If you’re planning a trip to West Cork, I recommend a stopover in the picturesque coastal village of Baltimore. I spent two nights in Baltimore, though I arrived late on the first evening, so only had one full day to explore unfortunately. It’s a really beautiful spot and I could have happily spent a few days there. It also makes a great base for exploring more of West Cork and the Wild Atlantic Way.
Baltimore’s coastal location, sheltered harbour and clean waters make it a great place to visit if you’re a lover of water-based sports and activities. If not, or if the weather is not in your favour, you’ll still find plenty of things to do in Baltimore. Typical of springtime in Ireland, I had all seasons in the one day but I managed to find things to do to work around the weather!
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Where to Stay
Casey’s of Baltimore
Waking up to the worst of the weather, plans for an early start were scrapped. I wisely decided that the best thing to do was to stay inside my warm cozy hotel and wait it out a while! I was staying at Casey’s of Baltimore and let’s just say it wasn’t a hardship to linger there for the morning.
I’m not usually a big breakfast person. Just a quick bite and I’m on the go. With time on my hands and all that yummy food on offer though, I couldn’t resist. A three course breakfast? Sure why not! I had cereal and yoghurt, followed by a hot brekkie and then I even managed to fit in a scone. I know, I know, but seriously their scones are so good. Particularly the apple ones. If you tried them, you’d totally understand!!
Yummy food aside, I’d highly rate this hotel. The staff were really friendly and down to earth and my room was so comfy and spacious it made it hard to leave. Just to be clear, this is not an ad and I paid for my stay!
Check rates and availability for Casey’s of Baltimore.
Things to do in Baltimore
Dún na Séad Castle
When the weather settled down a little, I managed to shake off the food coma and drag myself from my room. I drove the short distance into town and parked up by the waterfront. I’m not going to lie. It was pretty bleak! We’re talking grey, miserable and very windy. Reluctantly leaving the refuge of the car, I took a little walk up the main street and quickly decided that inside Dún na Séad castle was the perfect place to be!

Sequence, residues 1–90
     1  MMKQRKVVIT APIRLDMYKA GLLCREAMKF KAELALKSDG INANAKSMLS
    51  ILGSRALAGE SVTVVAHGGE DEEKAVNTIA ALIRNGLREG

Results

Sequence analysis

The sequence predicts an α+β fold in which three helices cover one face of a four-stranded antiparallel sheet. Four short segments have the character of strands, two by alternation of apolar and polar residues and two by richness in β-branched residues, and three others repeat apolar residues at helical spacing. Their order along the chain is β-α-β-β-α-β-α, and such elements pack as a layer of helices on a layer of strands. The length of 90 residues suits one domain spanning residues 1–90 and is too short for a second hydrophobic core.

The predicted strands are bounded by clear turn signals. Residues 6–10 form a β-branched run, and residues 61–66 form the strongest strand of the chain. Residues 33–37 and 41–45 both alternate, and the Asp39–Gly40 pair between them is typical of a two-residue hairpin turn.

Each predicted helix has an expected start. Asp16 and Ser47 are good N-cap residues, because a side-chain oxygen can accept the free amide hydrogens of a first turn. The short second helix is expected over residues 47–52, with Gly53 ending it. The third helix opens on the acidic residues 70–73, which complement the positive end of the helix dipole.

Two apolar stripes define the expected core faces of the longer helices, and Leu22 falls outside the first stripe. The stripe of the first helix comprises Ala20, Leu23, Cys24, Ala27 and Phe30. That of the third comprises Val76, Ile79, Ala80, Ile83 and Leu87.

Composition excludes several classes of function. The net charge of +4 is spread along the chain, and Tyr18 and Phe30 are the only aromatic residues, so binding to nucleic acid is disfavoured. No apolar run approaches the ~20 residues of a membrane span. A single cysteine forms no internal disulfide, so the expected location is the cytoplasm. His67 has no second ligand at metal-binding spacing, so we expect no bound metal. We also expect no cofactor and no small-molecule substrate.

Meaning ‘fort of the jewels’, Dún na Séad Castle or Baltimore Castle overlooks the village and harbour from its vantage point upon a sandstone ridge in the centre of the village. There has been a castle on the site since as far back as 1215 but the current building dates from around the 1620s. It was left in ruin for a long time but was renovated between 1997 and 2005 by the current owners and is open to the public.
The castle has been beautifully restored and is full of gorgeous pieces of period furniture, tapestries, artefacts, photographs and more. There are also information panels about the fascinating history of the castle and area. They include details of the Sack of Baltimore in 1631 when the village was attacked by Algerian pirates and 107 villagers were taken as slaves to North Africa.
You’ll also find lots more juicy information about piracy, raids and feuding clans. So if you’re interested in the history of the area, Dún na Séad should definitely be top of your list of things to do in Baltimore. You can also walk out onto the battlements and take in the usually stunning views of the harbour and village. They weren’t at their best for me and I nearly blew away out there but hopefully you’ll have better luck! Dún na Séad Castle is open from March to October each year.
Boat trips to the islands, Fastnet Rock and wildlife tours